"What is to be gained from following the Israeli example of last summer [when it invaded Lebanon after its soldier was captured]?" asks Rosemary Hollis, a Middle East expert at Chatham House, a London think tank, "You can't use a sledgehammer to crack a nut. They still haven't got their service personnel back, and they smashed up half of Lebanon."
"If the objective is to get the personnel back then one is looking for a formula which both sides can benefit from," she adds.
That was the approach three years ago, when six British sailors and two Royal Marines were seized in a similar part of the northern Gulf. On that occasion, Britain quietly admitted that its personnel may have strayed across the border by mistake.
Matters have not been helped this time around by the Iranian New Year holiday, which has kept key interlocutors away from their desk, and by a related row over five Iranians detained by the US military in northern Iraq in January.
On Tuesday, the Iraqi government said it was "intensively" pursuing the release of the five Iranians. An official said: "This will be a factor that will help in the release of the British sailors and marines."
Separately, an Iranian diplomat, Jalal Shafari, who was seized in Baghdad in February was released Monday, but it was unclear if this would affect the case of the 15 Britons.
A compromise in sight, many say
In the 1979-81 crisis, the hostages were not released until the day after Jimmy Carter left office. Some have speculated that the same ignominy might befall Mr. Blair, who is expected to step down this summer. But as oil prices fell sharply on the hopes of a resolution, analysts said there was suddenly a chance that the affair might be over by Easter.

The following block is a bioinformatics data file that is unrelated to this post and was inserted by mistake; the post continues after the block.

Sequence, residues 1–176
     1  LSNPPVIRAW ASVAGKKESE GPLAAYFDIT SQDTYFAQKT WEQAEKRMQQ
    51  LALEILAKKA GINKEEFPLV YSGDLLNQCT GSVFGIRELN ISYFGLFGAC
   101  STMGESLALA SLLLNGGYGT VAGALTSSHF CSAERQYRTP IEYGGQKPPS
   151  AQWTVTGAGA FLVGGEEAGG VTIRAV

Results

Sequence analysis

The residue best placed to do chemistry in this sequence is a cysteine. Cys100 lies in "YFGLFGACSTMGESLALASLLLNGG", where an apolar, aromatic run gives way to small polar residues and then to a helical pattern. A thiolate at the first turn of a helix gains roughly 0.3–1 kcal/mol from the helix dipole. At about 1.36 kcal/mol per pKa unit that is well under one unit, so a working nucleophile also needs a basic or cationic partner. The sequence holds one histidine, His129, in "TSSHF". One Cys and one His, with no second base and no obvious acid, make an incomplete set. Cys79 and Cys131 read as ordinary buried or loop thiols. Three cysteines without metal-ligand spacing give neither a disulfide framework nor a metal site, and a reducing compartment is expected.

"My personal feeling is that this is nearly over," says Major (ret.) Charles Heyman, a British defense expert. "If it were to drag out, it would slowly but surely bring the international community onside with the UK. The Iranian antenna is well tuned to that risk."
Dr. Hollis at Chatham House, adds: "The ingredients for a diplomatic solution have always been present, but it took a senior figure in Tehran to clarify that that was also what they were looking for, and how to proceed."
Iran wants Britain to apologize for infringing on its territorial waters and vow not to do so again. Britain is refusing to say sorry, insisting that its crew was picked up in Iraqi waters.
But elements of a compromise are discernible: the maritime border has long been undefined and confusing, giving both sides the chance to offer legitimate explanations for their behavior. Britain is ready to promise not to infringe it in the future, and both sides may be interested in closer coordination or communication so that future misunderstandings can be cleared up before they become major incidents.
• Material from the Associated Press was used in this report.